Almost, but your curly braces are all over the place. This may seem trivial to you, but trust me, if you do this properly (or use a decent IDE that does this for you), you will be able to spot errors and problems much more quickly and be able to understand code that you've written a month ago much more quickly. There are two main styles of brace placement, that I call C style:
Code:

```import java.util.*; public class Sum {   static Scanner console = new Scanner(System.in);   static final int N = 10;   public static void main(String[] args) {       double number;       double total = 0;       System.out.println("Please enter 10 numbers, \n"               + "adds the positive numbers, and displays the totals.");       System.out.print("Please enter " + N + " numbers; seperate each with a space: ");       for (int w = 1; w <= 10; w++) {         number = console.nextDouble();         if (number > 0)             total += number;         {             continue;         }       }       System.out.println("The total of the positive numbers is: " + total);   } }```
or Pascal style:
Code:

```package linkAutoIt.v001; import java.util.*; public class Sum {   static Scanner console = new Scanner(System.in);   static final int N = 10;   public static void main(String[] args)   {     double number;     double total = 0;     System.out.println("Please enter 10 numbers, \n"         + "adds the positive numbers, and displays the totals.");     System.out.print("Please enter " + N         + " numbers; seperate each with a space: ");     for (int w = 1; w <= 10; w++)     {       number = console.nextDouble();       if (number > 0)         total += number;       {         continue;       }     }     System.out.println("The total of the positive numbers is: " + total);   } }```
Either will do for general use, but you'll want to stick with one or the other -- usually the one your teacher or team leader requests.

Looking at your code with indentations OK, it seems like it should work, that if you enter more than 10 numbers, it will only look at the first 10. I do have to wonder what the "continue" statement is doing in your code. Why do you have it in there?

Quote:

Hi again, Here is what is asked of me. Code a program called SumPositive to enter 10 numbers and only total those that are positive. prompt the user to enter the numbers (double) and print out the total of only the positive ones
Code:

```import java.util.*; public class Sum {   static Scanner console = new Scanner(System.in);   static final int N = 10;   public static void main(String[] args) {       double number;       double total = 0;       System.out.println("Please enter 10 numbers, \n"               + "adds the positive numbers, and displays the totals.");       System.out.print("Please enter " + N + " numbers; seperate each with a space: ");       for (int w = 1; w <= 10; w++) {         number = console.nextDouble();         if (number > 0)             total += number;         {             continue;         }       }       System.out.println("The total of the positive numbers is: " + total);   } }```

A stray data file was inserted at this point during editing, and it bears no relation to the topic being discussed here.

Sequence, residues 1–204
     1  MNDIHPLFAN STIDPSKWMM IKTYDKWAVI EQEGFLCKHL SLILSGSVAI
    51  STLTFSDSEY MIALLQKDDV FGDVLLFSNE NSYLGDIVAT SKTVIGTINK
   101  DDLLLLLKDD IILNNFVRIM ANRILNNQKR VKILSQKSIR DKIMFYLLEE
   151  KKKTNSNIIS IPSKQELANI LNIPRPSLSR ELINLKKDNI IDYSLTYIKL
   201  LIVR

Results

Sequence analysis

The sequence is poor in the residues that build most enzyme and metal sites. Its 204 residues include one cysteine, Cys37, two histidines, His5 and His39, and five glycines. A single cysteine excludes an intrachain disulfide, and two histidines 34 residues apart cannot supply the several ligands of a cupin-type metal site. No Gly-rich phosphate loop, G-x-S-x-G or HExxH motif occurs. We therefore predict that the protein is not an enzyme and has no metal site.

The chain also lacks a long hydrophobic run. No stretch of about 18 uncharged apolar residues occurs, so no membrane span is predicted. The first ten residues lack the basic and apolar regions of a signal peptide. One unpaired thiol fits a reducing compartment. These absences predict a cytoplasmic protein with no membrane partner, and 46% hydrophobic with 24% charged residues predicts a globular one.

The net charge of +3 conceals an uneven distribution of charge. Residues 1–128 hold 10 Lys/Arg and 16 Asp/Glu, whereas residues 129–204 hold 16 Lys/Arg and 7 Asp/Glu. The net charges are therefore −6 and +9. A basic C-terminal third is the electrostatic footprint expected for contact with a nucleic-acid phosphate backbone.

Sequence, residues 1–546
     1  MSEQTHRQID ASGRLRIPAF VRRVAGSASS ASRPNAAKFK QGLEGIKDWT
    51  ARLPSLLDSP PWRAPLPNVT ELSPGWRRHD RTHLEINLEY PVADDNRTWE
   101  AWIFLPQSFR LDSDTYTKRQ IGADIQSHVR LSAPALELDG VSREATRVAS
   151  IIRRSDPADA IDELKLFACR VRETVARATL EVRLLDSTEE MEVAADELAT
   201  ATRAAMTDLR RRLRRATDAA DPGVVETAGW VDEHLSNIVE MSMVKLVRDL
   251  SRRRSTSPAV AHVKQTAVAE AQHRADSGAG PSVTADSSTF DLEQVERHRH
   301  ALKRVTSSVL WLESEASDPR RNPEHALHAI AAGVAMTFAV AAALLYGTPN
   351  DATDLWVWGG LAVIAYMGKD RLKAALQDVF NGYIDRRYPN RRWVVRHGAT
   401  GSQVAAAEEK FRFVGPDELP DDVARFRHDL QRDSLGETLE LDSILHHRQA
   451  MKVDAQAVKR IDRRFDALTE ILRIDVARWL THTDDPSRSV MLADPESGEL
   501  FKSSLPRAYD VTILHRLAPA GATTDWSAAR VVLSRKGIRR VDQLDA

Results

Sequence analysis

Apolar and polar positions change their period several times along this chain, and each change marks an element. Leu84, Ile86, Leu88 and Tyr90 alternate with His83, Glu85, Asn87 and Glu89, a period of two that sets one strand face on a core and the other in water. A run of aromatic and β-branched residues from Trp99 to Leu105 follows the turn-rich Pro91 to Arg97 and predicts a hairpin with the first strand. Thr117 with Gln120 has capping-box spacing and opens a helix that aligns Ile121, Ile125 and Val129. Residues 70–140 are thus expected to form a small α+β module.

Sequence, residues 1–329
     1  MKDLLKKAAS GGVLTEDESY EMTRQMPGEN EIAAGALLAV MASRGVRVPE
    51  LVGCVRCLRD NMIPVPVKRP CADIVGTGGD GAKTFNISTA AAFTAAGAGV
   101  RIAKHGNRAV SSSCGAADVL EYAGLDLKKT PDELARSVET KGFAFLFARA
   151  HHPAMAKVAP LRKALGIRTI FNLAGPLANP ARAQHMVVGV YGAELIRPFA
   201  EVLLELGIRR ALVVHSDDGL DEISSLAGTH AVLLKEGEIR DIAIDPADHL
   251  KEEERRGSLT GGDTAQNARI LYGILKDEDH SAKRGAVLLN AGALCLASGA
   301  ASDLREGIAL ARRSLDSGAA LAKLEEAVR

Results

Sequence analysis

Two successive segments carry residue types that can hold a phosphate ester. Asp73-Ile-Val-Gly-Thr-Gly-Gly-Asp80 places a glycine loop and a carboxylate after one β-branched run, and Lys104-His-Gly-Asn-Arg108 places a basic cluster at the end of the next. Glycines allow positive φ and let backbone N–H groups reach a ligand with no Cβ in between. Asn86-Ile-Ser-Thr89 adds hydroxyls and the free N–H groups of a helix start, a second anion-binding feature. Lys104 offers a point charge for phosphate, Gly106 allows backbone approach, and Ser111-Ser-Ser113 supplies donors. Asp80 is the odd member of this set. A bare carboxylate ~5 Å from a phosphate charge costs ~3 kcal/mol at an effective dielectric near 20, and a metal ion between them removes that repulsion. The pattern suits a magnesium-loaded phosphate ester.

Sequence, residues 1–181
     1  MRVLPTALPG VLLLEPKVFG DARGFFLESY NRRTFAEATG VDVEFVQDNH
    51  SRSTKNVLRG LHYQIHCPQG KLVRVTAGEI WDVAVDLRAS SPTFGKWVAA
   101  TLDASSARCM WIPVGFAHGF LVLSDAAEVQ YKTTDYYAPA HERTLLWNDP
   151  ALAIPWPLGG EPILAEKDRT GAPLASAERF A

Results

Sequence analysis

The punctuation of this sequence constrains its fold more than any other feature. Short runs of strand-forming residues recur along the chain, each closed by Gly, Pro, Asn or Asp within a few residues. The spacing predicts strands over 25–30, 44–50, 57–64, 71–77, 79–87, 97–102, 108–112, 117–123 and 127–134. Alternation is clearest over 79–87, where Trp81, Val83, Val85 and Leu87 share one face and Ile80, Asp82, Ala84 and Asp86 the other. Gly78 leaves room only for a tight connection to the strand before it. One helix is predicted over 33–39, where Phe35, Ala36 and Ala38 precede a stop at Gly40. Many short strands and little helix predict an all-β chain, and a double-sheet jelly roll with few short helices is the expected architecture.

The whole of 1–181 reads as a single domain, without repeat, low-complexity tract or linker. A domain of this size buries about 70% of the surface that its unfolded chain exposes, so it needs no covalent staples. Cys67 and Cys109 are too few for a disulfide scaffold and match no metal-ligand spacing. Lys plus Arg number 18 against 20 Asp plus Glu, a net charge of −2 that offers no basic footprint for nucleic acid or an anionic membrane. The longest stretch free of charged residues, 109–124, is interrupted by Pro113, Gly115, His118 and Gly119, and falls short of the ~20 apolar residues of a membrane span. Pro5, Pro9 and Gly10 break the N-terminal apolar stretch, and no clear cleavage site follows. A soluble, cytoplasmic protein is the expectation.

• 10-09-2010, 08:16 PM
Fubarable
Quote:

Hi again, Here is what is asked of me. Code a program called SumPositive to enter 10 numbers and only total those that are positive. prompt the user to enter the numbers (double) and print out the total of only the positive ones
OK, but again please describe as precisely as can be what's the current problem and again, please answer the qeustion: why does your program have "continue" in it? What purpose does it serve?
• 10-09-2010, 08:40 PM
pvictory1
Quote:

The current problem is I need to only accept 10 double numbers and only 10 double numbers and its allowing me to enter in more then 10 numbers. The contiune is just one of the options we could have used but I see that I don't need to use it.
Code:

```import java.util.*; public class Sum {           static Scanner console = new Scanner(System.in);         static final int N = 10;         public static void main(String[]args){                 double number;                 double total = 0;                 System.out.println("Please enter 10 numbers, \n"                 + "adds the positive numbers, and displays the totals.");                 System.out.print("Please enter " + N + " numbers; seperate each with a space: ");                         for (int w = 1; w <= 10;w++) {                                                 number = console.nextDouble();                         if (number > 0)                         total += number; }                                         System.out.println("The total of the positive numbers is: " + total);         } }```
• 10-10-2010, 01:30 AM
al_Marshy_1981
nope you do not need continue, and the next question you should be asking yourself is how do I processs a positive number and a negative one. think if statement.